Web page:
They push, and they push, and it's never enough.
Philip and Elizabeth are closer than ever, and on The Americans Season 5 Episode 4, we're reminded of why that's not as great as it sounds. Not for Soviet spies.
In the best hour of the season so far, the effects of spying are wearing thin on both Philip and Elizabeth, and they're wearing their emotions more prominently than any disguise.
I don't think for a second that either Philip or Elizabeth wants Paige to follow in their footsteps.
They brought her in because of the pressure put on them by the Centre and because of what she did to put the family in jeopardy with Pastor Tim. Do I think it's right? No. But then, I'm not a KGB agent.
In some fashion, it seemed to be the right move to keep her safe. Teaching Paige about what they do and the consequences of it should have taught her some restraint. But it appears to have backfired. Elizabeth and Philip are too good at what they do.
Paige shouldn't have snooped around Pastor Tim's house, but she's feeling too much like a spy. She's starting to consider herself part of the team. She might be going the way of the tortured kid who killed his parents than the way of Elizabeth and Philip.
Elizabeth: I understand what you were doing, and it was smart, and it was brave. But Paige, if there is any slip, if they sense anything from you, Alice wouldn't come to us next time. She would go straight to the FBI.
Paige: I'm sorry. But I was there, not you.
Paige knows just enough to be dangerous, and she is being dangerous.
Philip and Elizabeth are never home, and that's making matters worse. They're stretched too thin. After a year off, they connected in every way, and it's obvious they miss being with their family.
Philip wants to watch TV and worry about cracking limbs in the front yard, not send the wife he's grown to love off to meet with another man.
Philip: Do you think we're gonna get fired?
Elizabeth: It's not funny.
Philip: I know.
That was wishful thinking. Their appeal to Gabriel wasn't as strong as it could have been, but they seem scared. For the first time ever, they don't have the faith in their homeland they once did.
Philip, especially, is realizing something is very wrong with the USSR. And when he told Elizabeth she liked her new woodsy carob eating Kansas scientist, he came to that conclusion because he's forgetting why they're doing what they're doing.
In Soviet Union, we have same great land, same great climate, but system is broke. They still move food by horse sometimes. By the time it gets to where it needs to be, it's already rotten.Alexi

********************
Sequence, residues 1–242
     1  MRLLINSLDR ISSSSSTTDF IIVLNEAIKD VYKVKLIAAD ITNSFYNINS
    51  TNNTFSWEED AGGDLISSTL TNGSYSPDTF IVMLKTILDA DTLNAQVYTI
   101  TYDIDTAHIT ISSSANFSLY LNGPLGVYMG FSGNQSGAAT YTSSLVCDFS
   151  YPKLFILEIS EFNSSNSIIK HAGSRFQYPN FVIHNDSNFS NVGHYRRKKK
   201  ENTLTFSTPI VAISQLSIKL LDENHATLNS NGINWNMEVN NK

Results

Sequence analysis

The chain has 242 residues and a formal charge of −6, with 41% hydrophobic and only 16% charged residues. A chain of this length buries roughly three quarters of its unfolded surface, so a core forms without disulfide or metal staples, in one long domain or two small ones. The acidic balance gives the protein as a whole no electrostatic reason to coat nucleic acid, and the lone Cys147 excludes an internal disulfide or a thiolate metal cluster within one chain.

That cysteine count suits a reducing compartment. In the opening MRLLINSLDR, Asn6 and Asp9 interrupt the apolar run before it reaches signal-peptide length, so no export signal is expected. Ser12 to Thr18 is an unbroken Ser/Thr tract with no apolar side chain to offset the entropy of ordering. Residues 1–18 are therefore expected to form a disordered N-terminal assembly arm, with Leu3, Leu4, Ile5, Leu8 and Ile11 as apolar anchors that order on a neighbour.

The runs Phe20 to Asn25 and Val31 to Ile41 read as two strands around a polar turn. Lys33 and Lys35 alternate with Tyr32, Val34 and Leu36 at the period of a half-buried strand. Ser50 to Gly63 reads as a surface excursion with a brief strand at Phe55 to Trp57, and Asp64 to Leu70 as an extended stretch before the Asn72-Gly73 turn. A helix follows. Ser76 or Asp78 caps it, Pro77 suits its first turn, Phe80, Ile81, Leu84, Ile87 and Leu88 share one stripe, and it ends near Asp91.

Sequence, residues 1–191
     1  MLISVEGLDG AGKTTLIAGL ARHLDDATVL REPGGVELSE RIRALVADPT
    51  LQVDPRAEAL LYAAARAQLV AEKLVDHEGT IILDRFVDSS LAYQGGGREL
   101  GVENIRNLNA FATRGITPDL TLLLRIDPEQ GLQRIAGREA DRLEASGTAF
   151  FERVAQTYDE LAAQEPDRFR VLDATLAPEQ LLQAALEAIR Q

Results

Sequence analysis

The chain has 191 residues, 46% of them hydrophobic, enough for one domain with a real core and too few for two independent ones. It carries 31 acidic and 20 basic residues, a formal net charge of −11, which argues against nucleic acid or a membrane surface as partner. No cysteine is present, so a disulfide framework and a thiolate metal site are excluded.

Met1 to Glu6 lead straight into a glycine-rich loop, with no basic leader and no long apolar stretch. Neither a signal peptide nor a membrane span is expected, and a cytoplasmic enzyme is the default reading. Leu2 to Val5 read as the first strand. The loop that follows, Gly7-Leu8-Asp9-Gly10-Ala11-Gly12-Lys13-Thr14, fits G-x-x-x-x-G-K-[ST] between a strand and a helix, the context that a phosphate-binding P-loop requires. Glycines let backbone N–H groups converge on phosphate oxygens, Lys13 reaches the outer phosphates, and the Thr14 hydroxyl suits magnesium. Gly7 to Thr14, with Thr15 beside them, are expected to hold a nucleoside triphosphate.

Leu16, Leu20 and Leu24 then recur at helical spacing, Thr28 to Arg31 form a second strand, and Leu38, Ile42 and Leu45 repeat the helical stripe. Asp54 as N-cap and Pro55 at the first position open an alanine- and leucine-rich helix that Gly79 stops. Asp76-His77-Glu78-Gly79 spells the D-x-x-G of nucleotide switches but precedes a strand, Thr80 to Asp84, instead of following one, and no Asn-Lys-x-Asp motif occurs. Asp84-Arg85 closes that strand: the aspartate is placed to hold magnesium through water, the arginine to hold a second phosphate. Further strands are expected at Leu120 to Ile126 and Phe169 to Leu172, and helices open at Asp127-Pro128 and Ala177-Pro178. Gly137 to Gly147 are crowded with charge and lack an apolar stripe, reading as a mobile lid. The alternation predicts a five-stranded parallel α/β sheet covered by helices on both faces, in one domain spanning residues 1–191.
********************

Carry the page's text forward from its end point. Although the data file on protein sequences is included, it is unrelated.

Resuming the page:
He's listening to Alexi confirm the same thoughts Philip had on The American's Season 5 Episode 3. The Soviets have everything they need to feed their people. But their people are starving.
If the food is rotting on the way its destination, do the Americans even need to send petulance when they're doing a bang-up job themselves? And it wasn't the first time this season that thought came up, either.
Is it that realization that eventually allows the Cold War to come to an end (albeit temporarily)? We're good enough at destroying ourselves, both of us, so let's just call a truce.
The pain in Philip's eyes as he thinks about Elizabeth in Kansas and the half-assed way he's trying to lure his logistical lady into his arms say a lot. He's had enough. And he's not the only one.
When you watch The Americans online, can you think of anybody better to be raising Philip and Elizabeth's children than Stan Beeman? Surely the irony that an American FBI agent is raising their children because they're not around to do it isn't lost on them.
The way Oleg's situation was weighing on him was enough to make me want to cry. Especially because instead of being angry, Oleg was defeated. He wanted to believe he could trust Stan, and his discovery that he couldn't trust Stan didn't stop him from wanting to do the right thing anyway.
Showing that there are so many good people involved with the shady goings-on between our governments is the best byproduct of The Americans.
Stan kidnapped someone and shot him between the eyes. But what he developed and did with Oleg was on a different level. It was growth as an agent and he wasn't going to lose it.
He would rather out the FBI as killing innocents and being the animals the world believes them to be anyway than allow a good man go down.
But is it too late for Oleg? His discouragement was buoyed by powerful words from his mother. On the one hand, she told him he'd get through whatever they choose to do to him as a result of the tape. On the other, she told him to do what he has to do to survive.
Was she giving him permission to throw others under the bus so he can live to fight another day?
Don't give up, Oleg! Stan has your back. Believe.
And Mischa didn't waste his money. He's in America at JFK airport.
If Philip and Elizabeth thought their lives were too full now, they're about to be in for a bit of a surprise. Henry's hardly in a good place to be receiving a Soviet brother.
It feels like everything is going to come crashing down. I want it to. Before the series ends, I want Philip and Elizabeth to drop out of the spy business and decide where they're going to spend the rest of their lives.
With the end of the Cold War coming, maybe living in the US will be an easier decision. Maybe they'll realize they're Soviets and not Russians, determining not to go back. There are a lot of straws to grasp for me to imagine happiness for the Jennings instead of disaster.
I cannot wait to see what's next. How about you?
Carissa Pavlica is the managing editor and a staff writer for TV Fanatic. She's a member of the Broadcast Television Journalists Association (BTJA), enjoys mentoring writers, wine, and passionately discussing the nuances of television. Follow her on Twitter and email her here at TV Fanatic.